A drama for the age of Kavanaugh

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Jaysen Wright and Sylvia Kates play sympathetic antagonists in Anna Ziegler’s “Actually,” at Theater J.
Photo by C. Stanley Photography

In Theater J’s “Actually,” playwright Anna Ziegler takes on issues of consent between two Princeton freshmen — Amber and Tom — navigating missed signals and mixed messages rampant on college campuses between young women and men today and the aftermath of accusations. The two-hander feels ripped from the headlines.

No stranger to Theater J, two of Ziegler’s earlier works — “Photograph 51,” a pointed study of research chemist Rosalind Franklin’s overlooked contributions to understanding DNA, and “Another Way Home,” a Jewish family dramedy about a runaway teen and the meaning of life — made Always interested in writing, she wanted to be a poet, but as a senior at Yale she found herself in Arthur Kopit’s playwriting workshop, where he saw drama in her poetry. Between 2004 and 2007, she lived in the Washington area and taught English and creative writing at the Charles E. Smith Jewish Day School.


Ziegler, 38, spoke to WJW from New York, where she lives with her husband and young children, the week of the Senate hearings for Supreme Court Justice Brett Kavanaugh.

What brought you to “Actually” and what is it about?

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About four years ago I had the impetus to write “Actually” because my husband is a lawyer at NYU where he oversees sexual misconduct hearings. So I’d been hearing a lot about these hearings at home. Based on his description of these cases, I was struck by how often I felt for both people in the room, both parties. It was really moving to hear him talk about how often he was drawn to both people.

I had been interested in writing a two-person play, a two-hander. “Actually” came about organically: It seemed like the right way to go about writing about that topic was to take two people and get to know them as personally and thoroughly as we can in such a way that it would make it awfully hard to judge them — or at least dislike them. I wanted to keep them both sympathetic.


Was it a conscious decision that you made Amber, the female character, Jewish? Did she need to be Jewish in your eyes?

There was certainly an effort to find ways in which both of these people were marginalized or that they think of themselves as marginalized — the male character, Tom, is African American. Amber’s Jewishness seems like it adds another layer — I don’t want to say of victimhood — but the effort was to make both of them real people. It would make it difficult to choose between either of them because they both are members of marginalized groups.

When you wrote this, we were seeing an explosion in reported sexual assault incidents and accusations on college campuses. Conversations about consent were in the air.

It was in the atmosphere, though I have to say, I feel like the real explosion happened after I wrote the play. It was obviously a hot topic in the news when I wrote the play, but it has just gotten increasingly hotter. I didn’t think of it as a particularly relevant play when I was writing it. Yet it ended up entering our culture at a moment when the topic has gotten even more heated.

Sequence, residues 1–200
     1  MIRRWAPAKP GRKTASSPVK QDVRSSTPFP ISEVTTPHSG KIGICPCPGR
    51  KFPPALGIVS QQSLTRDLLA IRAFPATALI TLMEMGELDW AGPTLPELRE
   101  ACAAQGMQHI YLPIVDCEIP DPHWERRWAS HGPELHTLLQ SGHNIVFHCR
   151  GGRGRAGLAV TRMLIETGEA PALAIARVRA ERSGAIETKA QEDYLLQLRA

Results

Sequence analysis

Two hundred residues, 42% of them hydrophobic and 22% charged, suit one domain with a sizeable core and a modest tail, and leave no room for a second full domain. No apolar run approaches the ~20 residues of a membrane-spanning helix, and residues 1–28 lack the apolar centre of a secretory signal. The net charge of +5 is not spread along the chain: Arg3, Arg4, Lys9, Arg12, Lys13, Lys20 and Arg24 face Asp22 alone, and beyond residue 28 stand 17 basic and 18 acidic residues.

What are your thoughts now in light of the Supreme Court Senate confirmation hearing, which shone a spotlight on issues of drinking and sexual assault that occurred at parties in Montgomery County private schools?

[Long pause] This is certainly going to be an interesting time for this play to be put on in Washington, D.C. I am really struck by how much pain both those people [Christine Blasey Ford and Kavanaugh] were in and I hope part of the power of the play comes from the notion that this is something that neither person is ever really going to get over. We have seen in the news in recent weeks countless stories of women recounting [events] that happened to them 20, 30 years ago that are still so alive in them today.

You taught in a private Montgomery County high school. Did you ever hear about your students partying, drinking and carrying on in similar fashion to the events detailed in the Kavanaugh hearings?

I think that’s pretty prevalent everywhere. My guess is that the students at JDS participate in that sort of thing a little less than average high school students, but that’s just a guess. That sort of behavior is what the average typical teenager does. And it depends on exactly what kind of behavior we’re talking about. If we’re just talking about drinking, drinking to excess, yeah, that’s very common. For instance, I don’t think Jewish kids in private schools in New York City, which is the milieu where I grew up, drank any less than kids in other private schools.

“Actually” by Anna Ziegler, runs through Nov. 18, produced by Theater J at Arena Stage at the Mead Center for American Theater Arlene and Robert Kogod Cradle, 1101 6th St. SW, Washington; $30-$69; call 202-777-3210 or visit theaterj.org.

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